Victor Enrich Creates Playful And Surreal Architecture Fictions A few weeks back we posted about Filip Dujardin’s digitally manipulated buildings, which gave buildings found in and around Ghent, Belgium an Escherian spin. And since then we’ve come across another photographer, Victor Enrich , who likes to bend reality by turning architecture into surreal playgrounds by forming buildings that, while fiction, are sometimes reminiscent of Frank Gehry ‘s iconic, if controversial, designs. Where Filip Dujardin’s manipulations were subtle and implausible in their re-imaginings, the images below are far more outlandish. Buildings are bent over like a concertina or plonked down on the beach, stairways lead off into the sky, high-rise apartments have grown bull horns, and houses are completely tipped over with roofs sitting at ground level. Below is a selection of some of Enrich’s more elaborate redesigns, head to Victor Enrich’s website for more fictions.
Rowena Martinich Rowena Martinich is an abstract expressionist with a difference. While her work is sometimes displayed within the white pristine space of the art gallery, it is more likely to be found in the spaces of the everyday – the shop, the train, the school, the office, the café. These are often paradoxical spaces. Seen but never noticed. Not worth a second glance until revealed as if for the first time by an intervention of some kind.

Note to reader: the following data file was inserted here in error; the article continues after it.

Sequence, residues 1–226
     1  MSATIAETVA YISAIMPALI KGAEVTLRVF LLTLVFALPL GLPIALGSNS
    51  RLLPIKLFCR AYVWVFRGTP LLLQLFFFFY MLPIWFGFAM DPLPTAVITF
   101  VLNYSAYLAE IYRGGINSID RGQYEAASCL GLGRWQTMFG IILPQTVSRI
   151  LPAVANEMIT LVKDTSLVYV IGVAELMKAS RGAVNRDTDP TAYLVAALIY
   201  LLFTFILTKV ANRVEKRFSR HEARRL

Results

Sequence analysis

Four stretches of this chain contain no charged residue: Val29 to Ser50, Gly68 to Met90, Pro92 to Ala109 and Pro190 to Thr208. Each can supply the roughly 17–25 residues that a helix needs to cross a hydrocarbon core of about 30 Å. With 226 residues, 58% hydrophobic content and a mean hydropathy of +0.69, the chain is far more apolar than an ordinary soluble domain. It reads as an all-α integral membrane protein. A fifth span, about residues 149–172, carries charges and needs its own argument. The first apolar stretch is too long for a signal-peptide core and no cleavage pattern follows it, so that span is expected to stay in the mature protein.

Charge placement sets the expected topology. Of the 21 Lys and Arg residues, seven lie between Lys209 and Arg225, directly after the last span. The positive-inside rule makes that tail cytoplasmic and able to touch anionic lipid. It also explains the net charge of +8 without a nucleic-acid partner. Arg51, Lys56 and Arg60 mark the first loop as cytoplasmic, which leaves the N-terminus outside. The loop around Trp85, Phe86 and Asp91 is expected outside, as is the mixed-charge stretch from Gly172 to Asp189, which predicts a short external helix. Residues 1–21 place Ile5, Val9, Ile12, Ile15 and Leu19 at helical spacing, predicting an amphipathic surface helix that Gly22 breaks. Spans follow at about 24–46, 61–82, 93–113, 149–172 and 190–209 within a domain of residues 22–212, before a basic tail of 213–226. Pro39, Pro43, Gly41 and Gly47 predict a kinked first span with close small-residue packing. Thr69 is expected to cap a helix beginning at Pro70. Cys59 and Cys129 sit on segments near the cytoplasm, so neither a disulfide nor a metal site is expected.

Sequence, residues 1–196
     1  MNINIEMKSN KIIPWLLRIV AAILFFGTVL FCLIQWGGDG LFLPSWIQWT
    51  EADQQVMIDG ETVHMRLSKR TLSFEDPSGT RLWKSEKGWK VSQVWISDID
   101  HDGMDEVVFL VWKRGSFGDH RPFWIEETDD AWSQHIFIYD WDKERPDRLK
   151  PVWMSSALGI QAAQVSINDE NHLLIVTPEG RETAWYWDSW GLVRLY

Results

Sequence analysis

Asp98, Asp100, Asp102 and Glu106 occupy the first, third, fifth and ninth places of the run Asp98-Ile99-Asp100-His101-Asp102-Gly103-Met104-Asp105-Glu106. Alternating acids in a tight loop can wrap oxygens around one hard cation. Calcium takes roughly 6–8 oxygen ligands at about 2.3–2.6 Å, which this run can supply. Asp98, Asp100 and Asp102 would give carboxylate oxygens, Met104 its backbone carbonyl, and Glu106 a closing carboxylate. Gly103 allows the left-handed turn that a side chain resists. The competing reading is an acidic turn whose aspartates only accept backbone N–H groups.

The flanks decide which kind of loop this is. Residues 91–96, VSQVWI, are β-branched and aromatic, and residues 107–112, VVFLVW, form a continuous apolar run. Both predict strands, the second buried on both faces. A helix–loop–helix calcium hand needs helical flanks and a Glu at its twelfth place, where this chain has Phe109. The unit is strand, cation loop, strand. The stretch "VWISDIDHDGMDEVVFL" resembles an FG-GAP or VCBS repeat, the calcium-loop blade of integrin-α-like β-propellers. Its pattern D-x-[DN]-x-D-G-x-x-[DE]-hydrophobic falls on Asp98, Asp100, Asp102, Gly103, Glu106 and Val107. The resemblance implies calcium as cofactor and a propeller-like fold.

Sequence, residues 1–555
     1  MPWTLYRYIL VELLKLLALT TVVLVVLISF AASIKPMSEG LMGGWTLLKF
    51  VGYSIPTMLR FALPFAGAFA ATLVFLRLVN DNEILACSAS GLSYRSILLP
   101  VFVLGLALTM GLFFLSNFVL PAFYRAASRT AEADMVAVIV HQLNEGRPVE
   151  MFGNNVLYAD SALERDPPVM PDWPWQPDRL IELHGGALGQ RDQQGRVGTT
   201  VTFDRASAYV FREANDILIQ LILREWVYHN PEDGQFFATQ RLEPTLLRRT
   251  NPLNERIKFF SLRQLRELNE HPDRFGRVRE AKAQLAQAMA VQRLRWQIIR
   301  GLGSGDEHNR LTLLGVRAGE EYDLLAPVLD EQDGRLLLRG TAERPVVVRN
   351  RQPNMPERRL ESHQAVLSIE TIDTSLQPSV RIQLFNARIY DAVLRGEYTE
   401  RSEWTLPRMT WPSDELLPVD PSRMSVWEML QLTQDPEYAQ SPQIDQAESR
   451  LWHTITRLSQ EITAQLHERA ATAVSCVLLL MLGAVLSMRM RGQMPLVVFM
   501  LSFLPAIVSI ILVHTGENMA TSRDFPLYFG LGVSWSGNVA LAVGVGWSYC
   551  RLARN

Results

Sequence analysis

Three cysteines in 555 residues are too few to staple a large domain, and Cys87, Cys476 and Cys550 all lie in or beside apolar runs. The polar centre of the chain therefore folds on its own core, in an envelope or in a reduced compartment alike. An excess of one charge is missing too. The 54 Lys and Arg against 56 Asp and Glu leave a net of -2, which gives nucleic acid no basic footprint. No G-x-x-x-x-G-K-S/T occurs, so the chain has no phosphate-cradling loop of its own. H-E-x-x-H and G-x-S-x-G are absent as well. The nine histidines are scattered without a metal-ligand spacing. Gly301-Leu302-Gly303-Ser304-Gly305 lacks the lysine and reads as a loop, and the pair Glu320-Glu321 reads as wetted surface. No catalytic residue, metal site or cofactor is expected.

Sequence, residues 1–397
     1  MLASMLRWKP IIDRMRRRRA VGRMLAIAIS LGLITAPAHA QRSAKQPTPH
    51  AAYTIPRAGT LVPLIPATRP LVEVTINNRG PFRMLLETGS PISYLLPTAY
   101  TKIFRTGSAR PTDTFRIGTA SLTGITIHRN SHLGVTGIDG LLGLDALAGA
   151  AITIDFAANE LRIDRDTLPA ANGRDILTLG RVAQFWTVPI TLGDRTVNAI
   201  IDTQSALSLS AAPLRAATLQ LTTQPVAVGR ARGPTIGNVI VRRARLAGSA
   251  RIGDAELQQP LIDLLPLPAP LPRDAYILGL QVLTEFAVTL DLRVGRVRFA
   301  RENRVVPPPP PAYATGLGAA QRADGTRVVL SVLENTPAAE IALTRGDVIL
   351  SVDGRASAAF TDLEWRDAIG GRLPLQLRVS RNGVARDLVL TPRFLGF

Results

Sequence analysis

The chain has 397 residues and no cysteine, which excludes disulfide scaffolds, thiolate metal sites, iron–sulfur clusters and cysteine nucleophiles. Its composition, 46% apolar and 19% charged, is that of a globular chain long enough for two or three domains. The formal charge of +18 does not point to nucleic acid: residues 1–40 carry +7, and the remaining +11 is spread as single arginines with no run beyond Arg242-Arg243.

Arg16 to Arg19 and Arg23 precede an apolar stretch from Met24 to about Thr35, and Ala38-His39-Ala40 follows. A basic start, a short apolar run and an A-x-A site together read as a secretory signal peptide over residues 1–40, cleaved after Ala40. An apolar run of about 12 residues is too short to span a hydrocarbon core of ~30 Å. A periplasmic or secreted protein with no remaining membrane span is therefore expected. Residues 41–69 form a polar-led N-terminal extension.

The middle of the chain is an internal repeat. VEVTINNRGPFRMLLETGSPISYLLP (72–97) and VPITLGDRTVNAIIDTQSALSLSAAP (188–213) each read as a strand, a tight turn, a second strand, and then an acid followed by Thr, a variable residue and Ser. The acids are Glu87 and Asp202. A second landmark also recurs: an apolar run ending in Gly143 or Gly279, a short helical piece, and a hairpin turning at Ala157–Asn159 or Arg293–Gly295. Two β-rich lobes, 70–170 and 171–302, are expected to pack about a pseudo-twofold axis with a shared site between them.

Carpeaux Jean-Baptiste, Flore, détail, haut-relief, terre cuite, 1873, Paris, musée du Louvre département des Sculptures, © P. Philibert 1/27 Laie de Cahors ; époque gallo-romaine ; Saint-Germain-en-Laye, musée d'archéologie nationale © Loïc Hamon 2/27 Moiroux, asseau, acier fondu et bois taillé, Bourg-en-Bresse, musées des Pays de l'Ain, © Georges Alves ; Reproduction soumise à autorisation 3/27 Liotard Jean-Etienne, M. Levett et Mlle Hélène Glavany en costume turc, huile sur carton, vers 1740, Paris ; musée du Louvre département des Peintures, © Michèle Bellot, R.G. Ojeda, P.
Fine art , from the 17th century on, is art forms developed primarily for aesthetics and/or concept, distinguishing them from applied arts that also have to serve some practical function . Historically, the five greater fine arts were painting, sculpture, architecture, music and poetry, with minor arts including drama and dancing. [ 1 ] Today, the fine arts commonly include the visual art and performing art forms, such as painting , sculpture , collage , decollage , assemblage , installation , calligraphy , music , dance , theatre , architecture , film , photography , conceptual art , and printmaking . However, in some institutes of learning or in museums, fine art and frequently the term fine arts (pl.) as well, are associated exclusively with visual art forms. [ edit ] Background